We don't have a lot of evidence. Helen's early life is usually summed up with Theseus's abduction as a few lines at best. We know that there is an account of Agamemnon and Menelaus being expelled from Mycenae when their father was killed and the throne usurped. And Tyndareus took them in, later helping them return to Mycenae and reclaim the city. But nothing I've read indicates the difference in age between Helen and Menelaus. How much older was he? Was Helen even born when Menelaus and Agamemnon stayed in Sparta?

Even if she weren't, the likelihood that Menelaus and Agamemnon were in and out of Sparta was probably high. The likelihood that Menelaus ran across Helen during her childhood, even higher. And it's entirely possible that he had his sights set on her as his bride from very early on, knowing that even if he couldn't persuade Tyndareus, Agamemnon, by all accounts a powerful man, probably could. And I suspect that Agamemnon knew full well his brother's desire, or else why would he have married Clytemnestra, and not the more beautiful Helen? She was certainly the greater prize.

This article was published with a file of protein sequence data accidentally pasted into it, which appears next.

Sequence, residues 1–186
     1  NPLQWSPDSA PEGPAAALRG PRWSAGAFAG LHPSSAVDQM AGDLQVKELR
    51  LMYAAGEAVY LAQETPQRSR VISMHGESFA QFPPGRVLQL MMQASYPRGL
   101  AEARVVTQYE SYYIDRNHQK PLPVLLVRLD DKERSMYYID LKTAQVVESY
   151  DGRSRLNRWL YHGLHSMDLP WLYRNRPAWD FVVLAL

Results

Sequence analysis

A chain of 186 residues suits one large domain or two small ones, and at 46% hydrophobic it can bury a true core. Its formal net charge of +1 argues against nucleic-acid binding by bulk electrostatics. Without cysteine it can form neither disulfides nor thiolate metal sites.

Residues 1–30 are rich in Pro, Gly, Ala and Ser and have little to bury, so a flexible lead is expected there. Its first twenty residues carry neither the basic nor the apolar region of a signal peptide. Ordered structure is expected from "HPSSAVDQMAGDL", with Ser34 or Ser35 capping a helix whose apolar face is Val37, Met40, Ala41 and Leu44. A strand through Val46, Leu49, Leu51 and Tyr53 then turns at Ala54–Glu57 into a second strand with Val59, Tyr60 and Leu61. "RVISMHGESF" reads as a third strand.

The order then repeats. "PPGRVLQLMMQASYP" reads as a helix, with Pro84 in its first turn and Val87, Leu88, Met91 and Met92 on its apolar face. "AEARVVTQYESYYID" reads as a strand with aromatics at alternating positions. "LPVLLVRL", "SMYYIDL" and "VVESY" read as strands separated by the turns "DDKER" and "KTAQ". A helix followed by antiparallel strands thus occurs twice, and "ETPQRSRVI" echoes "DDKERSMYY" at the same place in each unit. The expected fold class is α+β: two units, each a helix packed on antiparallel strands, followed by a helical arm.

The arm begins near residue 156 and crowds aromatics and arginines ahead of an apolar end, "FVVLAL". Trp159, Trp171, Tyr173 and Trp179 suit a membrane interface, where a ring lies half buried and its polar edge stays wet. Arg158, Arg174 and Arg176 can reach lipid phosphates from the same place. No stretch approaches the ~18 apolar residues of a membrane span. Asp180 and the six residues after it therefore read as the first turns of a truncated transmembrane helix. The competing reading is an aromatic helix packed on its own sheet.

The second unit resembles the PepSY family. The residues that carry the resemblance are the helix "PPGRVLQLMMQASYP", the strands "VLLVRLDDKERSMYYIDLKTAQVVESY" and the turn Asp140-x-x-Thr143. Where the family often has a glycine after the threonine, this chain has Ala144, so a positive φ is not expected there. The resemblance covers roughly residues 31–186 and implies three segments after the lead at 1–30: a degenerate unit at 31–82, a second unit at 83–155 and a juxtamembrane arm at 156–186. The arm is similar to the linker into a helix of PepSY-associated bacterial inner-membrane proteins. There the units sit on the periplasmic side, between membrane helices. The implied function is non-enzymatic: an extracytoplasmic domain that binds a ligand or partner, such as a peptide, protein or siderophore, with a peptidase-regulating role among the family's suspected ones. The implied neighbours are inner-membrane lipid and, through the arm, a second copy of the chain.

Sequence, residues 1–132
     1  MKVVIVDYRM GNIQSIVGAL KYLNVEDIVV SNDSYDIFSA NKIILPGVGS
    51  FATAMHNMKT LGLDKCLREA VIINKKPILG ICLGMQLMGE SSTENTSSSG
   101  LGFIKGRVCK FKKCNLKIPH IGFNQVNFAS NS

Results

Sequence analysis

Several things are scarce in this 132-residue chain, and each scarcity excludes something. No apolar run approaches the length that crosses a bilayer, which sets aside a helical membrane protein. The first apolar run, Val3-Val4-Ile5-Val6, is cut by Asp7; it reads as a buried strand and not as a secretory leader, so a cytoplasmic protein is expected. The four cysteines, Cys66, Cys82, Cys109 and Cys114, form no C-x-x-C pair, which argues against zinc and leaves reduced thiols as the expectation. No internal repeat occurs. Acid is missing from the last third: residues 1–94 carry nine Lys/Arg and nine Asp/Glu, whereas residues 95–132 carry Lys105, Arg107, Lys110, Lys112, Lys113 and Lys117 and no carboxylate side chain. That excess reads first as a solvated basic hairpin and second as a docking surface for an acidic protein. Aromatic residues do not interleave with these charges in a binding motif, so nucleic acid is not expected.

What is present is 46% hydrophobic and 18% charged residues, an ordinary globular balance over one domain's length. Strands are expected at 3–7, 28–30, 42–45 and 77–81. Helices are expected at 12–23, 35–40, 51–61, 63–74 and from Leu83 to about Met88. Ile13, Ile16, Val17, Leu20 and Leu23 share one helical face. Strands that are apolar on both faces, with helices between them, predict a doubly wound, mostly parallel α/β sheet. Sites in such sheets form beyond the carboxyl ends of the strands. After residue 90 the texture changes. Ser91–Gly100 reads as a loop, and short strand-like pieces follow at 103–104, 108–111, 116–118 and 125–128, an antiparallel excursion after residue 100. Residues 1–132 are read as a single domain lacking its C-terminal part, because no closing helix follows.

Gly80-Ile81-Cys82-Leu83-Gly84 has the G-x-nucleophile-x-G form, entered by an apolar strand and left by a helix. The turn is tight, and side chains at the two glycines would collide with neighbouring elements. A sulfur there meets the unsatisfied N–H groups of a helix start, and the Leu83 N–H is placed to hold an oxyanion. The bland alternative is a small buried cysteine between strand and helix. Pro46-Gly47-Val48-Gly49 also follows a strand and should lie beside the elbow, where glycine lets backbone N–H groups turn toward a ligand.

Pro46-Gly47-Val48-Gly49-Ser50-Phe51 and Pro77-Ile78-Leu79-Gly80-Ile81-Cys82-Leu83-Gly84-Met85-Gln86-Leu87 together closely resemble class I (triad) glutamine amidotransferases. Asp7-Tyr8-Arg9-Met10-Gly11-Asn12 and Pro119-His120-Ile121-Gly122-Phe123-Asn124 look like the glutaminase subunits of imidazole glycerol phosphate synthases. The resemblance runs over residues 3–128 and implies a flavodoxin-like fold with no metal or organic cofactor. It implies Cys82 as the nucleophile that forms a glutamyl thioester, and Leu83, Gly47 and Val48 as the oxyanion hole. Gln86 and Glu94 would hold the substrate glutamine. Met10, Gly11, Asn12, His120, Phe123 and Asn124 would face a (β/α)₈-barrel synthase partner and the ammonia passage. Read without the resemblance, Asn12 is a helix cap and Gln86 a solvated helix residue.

Admittedly there was a complication of inheritance. The husband of Helen would become the king of Sparta, but Agamemnon probably wouldn't have minded in the slightest expanding his sphere of direct influence. He seemed driven by a lust for power and conquest. But did Menelaus share that lust? Was it Helen herself who captivated him, as much if not more than the throne of Sparta? Or did he simply want his own city to rule? An escape from his brother's control and command?

Brogi, Giacomo (1822-1881) - n. 4140 - Roma - Vaticano - Menelao - Busto in marmo
Menelaus, from Wiki Commons